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Quarantine compels musician Megan Rose Francisco to explore what she can create solo

Singer-songwriter Megan Rose Francisco
Singer-songwriter Megan Rose Francisco performs at Half Off Books as part of the Fullerton Art Walk on March 6.
(Scott Smeltzer / Staff Photographer)

Megan Rose Francisco has performed in jazz band, marching band, choir and wind symphony since she was an elementary school student growing up in Tustin. But until a few years ago, she was on track to become a computer engineer.

In late 2018, on the cusp of finishing her university classes, she decided to pursue music full time. Francisco said she’s always been the type to dive headfirst into projects: “I get stuff done.”

Within a year, she recorded her first album, “Origin Story,” which came out in late 2019.

Francisco describes her music as being “under the umbrella of R&B and neo soul, with jazz and funk elements,” but she also likes the label her older brother made up for her: “R&B cosmic.”

O.C.-based musician Megan Rose Francisco's debut album "Origin Story" was released December 13, 2019.
O.C.-based musician Megan Rose Francisco’s debut album “Origin Story” was released December 13, 2019.
(Courtesy of Megan Rose Francisco)

“Right Moves” is about finding confidence and self-validation. “Friday the 13th” is an ode to a former relationship that both started and ended on Friday the 13th. “Just You Wait” is about how current insecurities won’t get in the way of her success in the future.

“Graduation,” her favorite song off the album, was at first inspired by her transition out of college, standing in defiance of social norms and other people’s expectations.

But it soon evolved into an anthem and call to action for her generation.

“You’ll see a mass shooting, then a funeral, and someone celebrating their birthday or someone releasing a cool project, and that all just comes in one newsfeed,” she said. “And you get desensitized.”

“Turning our heads / From the main problems / Of humanity / Killing each other,” read the lyrics. “Turning our heads / On children with no parents / Why do we inherit disinterest when we should express our interest?”

The song mixes in sounds of Black Lives Matter protests and shootings in the background.

The album was recorded with the help of her community of musician friends in Southern California.

For the music video for “Friendsgiving,” she invited everyone to hang out at her local park in Orange for a picnic.

“The song is essentially about how awesome I think my friendships are and how there a lot of people in my life that really care for me,” she said. “In the very last chorus, everyone who recorded with me on that album came into the vocal booth and we all sang the chorus together, and it was really wholesome. I got emotional about it.

She spoke in admiration of the talents of her fellow musicians, who have taught her so much.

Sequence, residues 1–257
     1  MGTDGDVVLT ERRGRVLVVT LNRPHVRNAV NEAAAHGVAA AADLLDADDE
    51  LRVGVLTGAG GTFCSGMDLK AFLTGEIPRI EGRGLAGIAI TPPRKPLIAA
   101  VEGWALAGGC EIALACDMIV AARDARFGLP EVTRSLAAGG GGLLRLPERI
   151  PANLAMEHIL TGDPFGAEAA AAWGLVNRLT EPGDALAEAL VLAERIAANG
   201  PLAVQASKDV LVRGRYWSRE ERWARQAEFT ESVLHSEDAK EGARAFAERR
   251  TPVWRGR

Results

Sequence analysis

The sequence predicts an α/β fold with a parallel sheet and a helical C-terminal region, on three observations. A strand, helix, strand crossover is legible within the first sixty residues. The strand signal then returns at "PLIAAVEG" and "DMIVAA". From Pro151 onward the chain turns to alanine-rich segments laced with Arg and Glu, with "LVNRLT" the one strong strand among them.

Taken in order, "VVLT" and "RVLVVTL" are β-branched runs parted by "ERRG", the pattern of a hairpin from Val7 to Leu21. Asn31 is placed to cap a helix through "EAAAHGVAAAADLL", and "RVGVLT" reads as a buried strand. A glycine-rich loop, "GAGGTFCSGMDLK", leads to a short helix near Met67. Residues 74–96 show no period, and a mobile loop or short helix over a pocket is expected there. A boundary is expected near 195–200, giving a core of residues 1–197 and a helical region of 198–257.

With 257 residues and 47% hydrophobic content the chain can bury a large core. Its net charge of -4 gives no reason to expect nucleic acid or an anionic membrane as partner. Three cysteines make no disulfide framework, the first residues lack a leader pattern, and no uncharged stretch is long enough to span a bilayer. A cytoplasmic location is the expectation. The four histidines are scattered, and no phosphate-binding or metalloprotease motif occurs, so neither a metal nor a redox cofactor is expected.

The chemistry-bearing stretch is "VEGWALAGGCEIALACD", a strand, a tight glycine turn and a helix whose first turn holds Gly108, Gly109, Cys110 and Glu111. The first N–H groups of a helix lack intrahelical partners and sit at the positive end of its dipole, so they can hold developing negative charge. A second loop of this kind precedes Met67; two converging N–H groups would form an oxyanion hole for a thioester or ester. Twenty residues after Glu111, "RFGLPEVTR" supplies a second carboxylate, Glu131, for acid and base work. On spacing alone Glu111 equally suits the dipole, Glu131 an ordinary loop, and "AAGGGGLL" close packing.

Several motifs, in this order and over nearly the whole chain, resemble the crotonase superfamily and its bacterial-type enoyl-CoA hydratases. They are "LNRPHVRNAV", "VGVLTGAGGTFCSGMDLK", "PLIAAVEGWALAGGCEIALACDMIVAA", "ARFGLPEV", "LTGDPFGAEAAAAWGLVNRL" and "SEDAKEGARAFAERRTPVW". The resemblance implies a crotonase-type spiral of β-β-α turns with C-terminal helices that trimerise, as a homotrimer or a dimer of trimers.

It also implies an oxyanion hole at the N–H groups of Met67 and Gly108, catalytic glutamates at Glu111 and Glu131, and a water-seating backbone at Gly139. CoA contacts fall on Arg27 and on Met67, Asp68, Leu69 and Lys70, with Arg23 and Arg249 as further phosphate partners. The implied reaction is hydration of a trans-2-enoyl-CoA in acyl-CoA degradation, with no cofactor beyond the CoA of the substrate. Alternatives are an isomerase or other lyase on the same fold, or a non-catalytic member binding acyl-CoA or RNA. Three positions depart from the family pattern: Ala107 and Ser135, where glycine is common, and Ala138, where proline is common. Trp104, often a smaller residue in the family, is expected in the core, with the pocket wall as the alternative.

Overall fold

But one of her goals was to figure out how to “do more with less. Less instruments and more pushing of the vocals.”

“One day, I’d love to have an album where everything is done by me,” she said, back in March. “That would be so awesome, but that’s way in the future.”

The opportunity would come sooner than she expected.

A self-described extrovert, she had been active in numerous open mike scenes including the Coollab Project at downtown Santa Ana’s 4th Street Market, to Mystic Water Kava Bar in Huntington Beach, to Sunday Jump in Los Angeles’ Historic Filipinotown — usually with a small ensemble or band.

Francisco even started a YouTube series with called Arts Tell-a-Vision with her friends Tonalli and Ash Malekshahi to showcase local artists.

Megan Rose Francisco performs with Steven Cacerasr and Alex Poisal.
Singer-songwriter Megan Rose Francisco performs with Steven Caceras, on guitar, and Alex Poisal, on the keyboard, at Half Off Books as part of the Fullerton Art Walk on March 6.
(Scott Smeltzer / Staff Photographer)

But in the early months of the pandemic, she had to quickly adapt to performing solo for virtual concerts and festivals.

And as the George Floyd protests spread throughout the nation and tensions rose, she retreated away from the internet to take care of her own physical and mental health.

Whereas her debut album was a large collaborative effort, her second album, which she hopes to release next month, was recorded in her bedroom studio, with the help of just one friend, musician Austin Poznoski, also recording in his bedroom studio.

“It’s a lot more honest and stripped down, which is great since my music is reflective of the things I’m going through in my life,” she said.

During the pandemic, Francisco has been focusing on a more minimalist lifestyle. She said she’s also learning to slow down and learn that she doesn’t always have to be so productive all the time.

Now, she is “living a life full of purpose and really discovering [herself].”

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